ARMOUR AGAINST FATE: BRITISH MILITARY INTELLIGENCE IN THE FIRST WORLD WAR.

Occleshaw, Michael.


£25.00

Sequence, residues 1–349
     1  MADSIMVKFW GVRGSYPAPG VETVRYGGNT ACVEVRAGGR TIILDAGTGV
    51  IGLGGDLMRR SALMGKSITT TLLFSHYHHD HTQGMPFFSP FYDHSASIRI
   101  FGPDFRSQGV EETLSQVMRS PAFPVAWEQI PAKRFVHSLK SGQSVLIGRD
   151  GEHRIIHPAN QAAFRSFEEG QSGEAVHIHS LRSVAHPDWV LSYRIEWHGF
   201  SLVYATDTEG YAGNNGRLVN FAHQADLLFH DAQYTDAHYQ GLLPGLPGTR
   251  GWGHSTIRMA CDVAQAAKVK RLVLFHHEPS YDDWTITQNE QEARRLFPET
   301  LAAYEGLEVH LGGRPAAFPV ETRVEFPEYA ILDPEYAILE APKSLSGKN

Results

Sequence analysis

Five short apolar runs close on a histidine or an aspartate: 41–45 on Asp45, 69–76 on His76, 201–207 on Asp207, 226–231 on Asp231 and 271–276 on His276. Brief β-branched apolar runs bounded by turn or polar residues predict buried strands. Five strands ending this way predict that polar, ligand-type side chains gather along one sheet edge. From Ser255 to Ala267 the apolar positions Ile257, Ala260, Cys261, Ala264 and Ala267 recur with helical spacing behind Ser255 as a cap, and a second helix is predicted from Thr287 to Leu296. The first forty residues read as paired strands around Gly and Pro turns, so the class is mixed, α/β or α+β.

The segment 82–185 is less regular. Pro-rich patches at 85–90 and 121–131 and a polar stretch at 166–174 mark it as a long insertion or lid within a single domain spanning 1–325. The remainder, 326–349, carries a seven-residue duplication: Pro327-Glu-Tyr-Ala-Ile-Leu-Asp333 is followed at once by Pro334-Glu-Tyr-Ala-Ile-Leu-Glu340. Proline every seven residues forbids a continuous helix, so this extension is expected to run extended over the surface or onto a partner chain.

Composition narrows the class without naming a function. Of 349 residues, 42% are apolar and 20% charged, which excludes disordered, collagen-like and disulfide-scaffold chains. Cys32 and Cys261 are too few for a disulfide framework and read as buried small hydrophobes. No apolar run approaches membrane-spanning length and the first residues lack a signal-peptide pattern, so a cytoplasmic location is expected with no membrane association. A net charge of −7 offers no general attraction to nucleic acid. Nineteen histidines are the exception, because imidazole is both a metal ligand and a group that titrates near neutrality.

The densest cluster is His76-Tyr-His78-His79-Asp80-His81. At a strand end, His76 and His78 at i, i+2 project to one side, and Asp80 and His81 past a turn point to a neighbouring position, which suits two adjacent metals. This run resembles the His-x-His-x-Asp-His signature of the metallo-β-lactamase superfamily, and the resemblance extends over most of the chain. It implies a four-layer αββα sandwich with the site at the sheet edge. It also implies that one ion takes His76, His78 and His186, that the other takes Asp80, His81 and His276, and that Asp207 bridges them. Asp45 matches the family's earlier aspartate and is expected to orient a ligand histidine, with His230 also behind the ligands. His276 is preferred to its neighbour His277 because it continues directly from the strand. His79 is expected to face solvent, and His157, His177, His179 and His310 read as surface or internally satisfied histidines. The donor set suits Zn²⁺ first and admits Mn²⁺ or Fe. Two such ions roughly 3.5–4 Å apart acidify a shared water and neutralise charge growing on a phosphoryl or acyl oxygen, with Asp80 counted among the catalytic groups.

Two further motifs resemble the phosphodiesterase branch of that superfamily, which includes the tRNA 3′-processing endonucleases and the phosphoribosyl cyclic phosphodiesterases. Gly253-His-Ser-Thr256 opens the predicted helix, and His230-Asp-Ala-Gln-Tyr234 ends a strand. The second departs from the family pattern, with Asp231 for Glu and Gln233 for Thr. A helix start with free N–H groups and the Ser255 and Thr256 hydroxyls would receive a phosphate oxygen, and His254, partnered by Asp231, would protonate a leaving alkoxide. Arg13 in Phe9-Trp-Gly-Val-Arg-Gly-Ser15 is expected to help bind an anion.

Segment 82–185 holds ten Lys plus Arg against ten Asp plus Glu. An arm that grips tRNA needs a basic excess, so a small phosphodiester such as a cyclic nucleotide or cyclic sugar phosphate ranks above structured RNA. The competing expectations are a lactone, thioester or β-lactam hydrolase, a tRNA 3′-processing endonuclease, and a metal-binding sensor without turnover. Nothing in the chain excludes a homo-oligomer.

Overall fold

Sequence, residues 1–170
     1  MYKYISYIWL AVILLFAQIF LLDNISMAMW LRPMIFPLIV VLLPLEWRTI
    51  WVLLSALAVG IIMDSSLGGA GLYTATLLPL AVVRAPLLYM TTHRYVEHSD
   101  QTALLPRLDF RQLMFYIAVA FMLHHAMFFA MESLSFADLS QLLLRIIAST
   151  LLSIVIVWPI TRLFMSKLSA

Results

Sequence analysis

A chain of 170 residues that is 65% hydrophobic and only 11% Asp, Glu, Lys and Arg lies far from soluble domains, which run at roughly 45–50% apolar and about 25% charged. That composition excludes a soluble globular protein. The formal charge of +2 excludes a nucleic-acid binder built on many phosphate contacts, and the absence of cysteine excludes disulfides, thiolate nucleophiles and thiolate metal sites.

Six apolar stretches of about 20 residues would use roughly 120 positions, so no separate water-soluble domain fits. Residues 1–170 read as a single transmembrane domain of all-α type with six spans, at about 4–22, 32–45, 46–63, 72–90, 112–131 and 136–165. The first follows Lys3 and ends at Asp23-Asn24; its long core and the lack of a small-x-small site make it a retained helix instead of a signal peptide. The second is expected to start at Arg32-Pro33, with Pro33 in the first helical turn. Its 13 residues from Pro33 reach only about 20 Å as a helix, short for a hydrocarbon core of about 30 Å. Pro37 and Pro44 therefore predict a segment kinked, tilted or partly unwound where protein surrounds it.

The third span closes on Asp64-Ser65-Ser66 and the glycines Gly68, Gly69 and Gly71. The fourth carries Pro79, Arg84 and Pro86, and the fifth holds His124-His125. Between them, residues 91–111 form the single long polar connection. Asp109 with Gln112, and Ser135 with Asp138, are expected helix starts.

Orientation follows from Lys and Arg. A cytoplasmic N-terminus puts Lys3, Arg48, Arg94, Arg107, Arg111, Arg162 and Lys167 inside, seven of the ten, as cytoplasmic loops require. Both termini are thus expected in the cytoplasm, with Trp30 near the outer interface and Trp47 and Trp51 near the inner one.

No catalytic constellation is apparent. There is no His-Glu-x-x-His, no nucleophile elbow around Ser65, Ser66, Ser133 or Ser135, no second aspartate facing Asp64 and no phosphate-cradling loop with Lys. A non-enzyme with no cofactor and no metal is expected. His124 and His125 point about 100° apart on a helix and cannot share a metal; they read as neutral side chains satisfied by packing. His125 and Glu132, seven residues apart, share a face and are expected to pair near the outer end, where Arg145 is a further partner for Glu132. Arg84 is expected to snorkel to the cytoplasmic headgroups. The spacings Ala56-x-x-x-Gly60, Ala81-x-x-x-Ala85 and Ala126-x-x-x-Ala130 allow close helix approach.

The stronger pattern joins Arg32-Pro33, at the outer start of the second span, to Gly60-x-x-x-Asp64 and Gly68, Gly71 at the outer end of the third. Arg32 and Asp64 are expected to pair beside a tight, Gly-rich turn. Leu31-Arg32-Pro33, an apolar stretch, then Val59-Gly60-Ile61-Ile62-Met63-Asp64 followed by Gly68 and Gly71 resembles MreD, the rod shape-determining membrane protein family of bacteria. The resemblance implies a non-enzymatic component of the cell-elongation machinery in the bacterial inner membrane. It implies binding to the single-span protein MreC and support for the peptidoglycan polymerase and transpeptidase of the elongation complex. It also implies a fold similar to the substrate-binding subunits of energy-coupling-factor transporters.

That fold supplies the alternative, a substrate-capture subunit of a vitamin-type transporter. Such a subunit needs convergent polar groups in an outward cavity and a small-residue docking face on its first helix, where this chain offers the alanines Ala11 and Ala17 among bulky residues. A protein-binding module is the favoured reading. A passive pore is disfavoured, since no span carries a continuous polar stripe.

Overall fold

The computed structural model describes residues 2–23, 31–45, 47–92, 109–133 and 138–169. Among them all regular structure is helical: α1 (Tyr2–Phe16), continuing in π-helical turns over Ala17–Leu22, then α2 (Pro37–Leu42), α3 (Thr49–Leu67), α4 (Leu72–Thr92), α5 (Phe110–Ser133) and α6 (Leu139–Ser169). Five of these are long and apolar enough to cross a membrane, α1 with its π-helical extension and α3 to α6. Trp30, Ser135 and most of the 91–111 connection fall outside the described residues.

1st ed., 1989. Xvi + 423 pp., photo-plates + maps & tables. D.j., 24 x 16cm. FINE. Intelligence developed the way it did partly because of the kind of war World War I became. This book examines the emerging character of Intelligence and of the human problems entailed. It discusses the early opportunities with wireless, the development of codes and ciphers, and deals particularly with the remarkable men involved in this vital work. The story of Secret Service, special operations, spy rings, and the men behind all of these, is given serious study. The author's findings have uncovered much new information about the First World War and in his view, work undertaken by British Military Intelligence shortened World War I by at least a year.


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